Movement onset detection rate (i.e., accuracy in %, ACC) was determined indicating the percentage of all trials (i.e., 15 in healthy subjects, 30 in VS patients) with a significant movement-related EMG activity (i.e., p < 0.05 in the Kruskal–Wallis test). ACC was analyzed offline and compared for each movement type (i.e., frowning and smiling), custom-based and commercial EMG device, as well as for the affected and healthy side in patients in the same way.


All statistical tests were performed using MATLAB (MathWorks Inc., Natick, MA, United States, R2018b) and SPSS (IBM SPSS Statistics for Windows, Version 26.0. Armonk, NY, United States IBM Corp.). Correlation analysis between Myoware amplitude (MYOdiff; meanMOVE − meanREST in Myoware data) and BrainVision Amplitude (BRAINVdiff; meanMOVE − meanREST in Brain Products data) in healthy subjects was based on two-tailed Pearson’s correlation coefficients, whereas the correlation between LI and H&B in patients was based on two-tailed Spearman’s correlation coefficient. Comparison of movement onset detection rates was performed using Student’s test. Finally, correlation analysis between ACC and H&B in VS patients was based on Kruskal–Wallis test. Data are shown as the mean ± standard deviation (SD). Values of p < 0.05 were considered significant.


The present study includes 12 healthy as well as 12 patients with one-sided vestibular schwannomas. The tumor extent according to the Hannover classification as well as the grade of facial palsy are illustrated in Table 1. Movement-related EMG activity of frontal and zygomatic muscles was detectable in all participants and with both EMG systems. A total of 4.4% (MyoWare) and 3.6% (BrainAmp) of the trials were excluded in healthy subjects, while 2.92 and 1.5% of the trials of the affected and healthy side of the face were excluded in patients. There were no side effects or undesired events during measurements and biofeedback.

Comparison of Electromyographic Activity Measured by the Custom-Made and Commercial Device

Electromyographic activity of the frontal and zygomatic muscles was derived in a pseudorandomized order during the movements frowning and smiling using a custom-made and a commercial EMG system. There was a significant correlation between the MyoWare (MYOdiff) and BrainAmp mean amplitude (BRAINVdiff) for both frowning (r = 0.84, p = 0.001; Pearson’s correlation; Figure 4A) and smiling (r = 0.8, p = 0.002; Pearson’s correlation; Figure 4B) indicating a good consistency of EMG signal detection across devices. Furthermore, we were able to demonstrate good movement specificity for both devices as there was no significant correlation between frowning and smiling neither for the MYOdiff (r = 0.12, p = 0.703; Pearson’s correlation) nor for the BRAINVdiff mean amplitude (r = 0.45, p = 0.145; Pearson’s correlation; Figures 4C,D).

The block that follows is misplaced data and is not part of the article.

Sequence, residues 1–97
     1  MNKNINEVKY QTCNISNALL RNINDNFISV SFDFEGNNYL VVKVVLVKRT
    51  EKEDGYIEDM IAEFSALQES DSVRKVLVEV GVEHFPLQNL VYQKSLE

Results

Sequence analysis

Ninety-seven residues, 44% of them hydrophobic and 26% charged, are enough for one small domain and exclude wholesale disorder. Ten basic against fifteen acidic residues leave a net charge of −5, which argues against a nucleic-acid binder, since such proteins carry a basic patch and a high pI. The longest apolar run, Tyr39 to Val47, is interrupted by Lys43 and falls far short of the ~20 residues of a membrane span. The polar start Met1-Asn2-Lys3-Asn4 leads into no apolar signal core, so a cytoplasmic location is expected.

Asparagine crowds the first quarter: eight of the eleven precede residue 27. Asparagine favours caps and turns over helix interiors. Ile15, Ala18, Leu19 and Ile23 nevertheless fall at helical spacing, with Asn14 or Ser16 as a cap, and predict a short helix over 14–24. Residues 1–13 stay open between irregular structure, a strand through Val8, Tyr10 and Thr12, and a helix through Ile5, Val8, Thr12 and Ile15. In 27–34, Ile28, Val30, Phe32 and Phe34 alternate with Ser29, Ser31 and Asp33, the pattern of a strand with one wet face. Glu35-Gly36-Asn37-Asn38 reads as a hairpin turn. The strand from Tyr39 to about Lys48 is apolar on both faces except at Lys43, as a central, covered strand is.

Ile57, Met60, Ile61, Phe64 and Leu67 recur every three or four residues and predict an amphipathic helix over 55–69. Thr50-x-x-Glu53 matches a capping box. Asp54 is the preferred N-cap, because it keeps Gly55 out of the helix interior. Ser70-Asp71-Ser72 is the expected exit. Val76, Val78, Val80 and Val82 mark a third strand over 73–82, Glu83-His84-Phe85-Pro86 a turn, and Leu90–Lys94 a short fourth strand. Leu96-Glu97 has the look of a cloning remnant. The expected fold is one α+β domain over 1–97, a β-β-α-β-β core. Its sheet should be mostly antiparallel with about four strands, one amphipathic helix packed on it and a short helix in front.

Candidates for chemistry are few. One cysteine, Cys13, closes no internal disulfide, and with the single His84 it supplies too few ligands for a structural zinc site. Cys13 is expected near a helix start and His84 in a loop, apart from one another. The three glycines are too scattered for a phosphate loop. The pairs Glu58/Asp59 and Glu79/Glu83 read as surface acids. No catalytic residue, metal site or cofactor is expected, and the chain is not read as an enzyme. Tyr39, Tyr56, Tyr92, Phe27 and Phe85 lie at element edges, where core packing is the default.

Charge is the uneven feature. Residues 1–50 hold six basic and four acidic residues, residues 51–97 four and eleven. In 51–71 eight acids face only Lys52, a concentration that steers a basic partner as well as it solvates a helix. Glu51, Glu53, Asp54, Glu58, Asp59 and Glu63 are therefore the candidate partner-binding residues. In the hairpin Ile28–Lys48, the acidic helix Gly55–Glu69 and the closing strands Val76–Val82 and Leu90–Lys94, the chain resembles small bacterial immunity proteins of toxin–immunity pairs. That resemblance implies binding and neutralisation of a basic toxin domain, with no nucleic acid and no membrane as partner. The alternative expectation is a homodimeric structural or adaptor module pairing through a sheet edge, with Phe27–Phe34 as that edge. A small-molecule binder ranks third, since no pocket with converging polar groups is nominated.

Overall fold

Figure 4. Correlation between EMG mean amplitudes measured by the commercial and custom-made EMG device in healthy patients. Significant correlations for frontal (A) and zygomatic (B) muscles were found, while there is no significant correlation between frowning and smiling either for the MYOdiff (C) or for the BRAINVdiff (D) mean amplitude.

Correlation Between the Electromyographic Activity and Facial Palsy

In 8 out of 12 patients (66.7%), postoperative facial nerve palsy with an H&B score II–VI occurred due to the VS resection (Table 1). The degree of facial nerve palsy correlated positively with tumor extent according to the Hannover classification (H&B: r = 0.68, p = 0.014; Spearman’s correlation). For both movements, a significant negative correlation between H&B and LI (frowning: r = –0.83, p = 0.001; smiling: r = –0.65, p = 0.023; Spearman’s correlation; Figures 5A,B) was detected, indicating a good congruence between the facial motor status and the EMG signals recorded by the custom-made EMG system. Furthermore, the LI of smiling and frowning correlated significantly (r = 0.69, p = 0.014; Spearman’s correlation).


Figure 5. Correlation between the laterality index (LI) and facial palsy as measured by the House and Brackmann (H&B) scale. (A) Frontal and (B) zygomatic.

Detection of Movement Onset by the Biofeedback System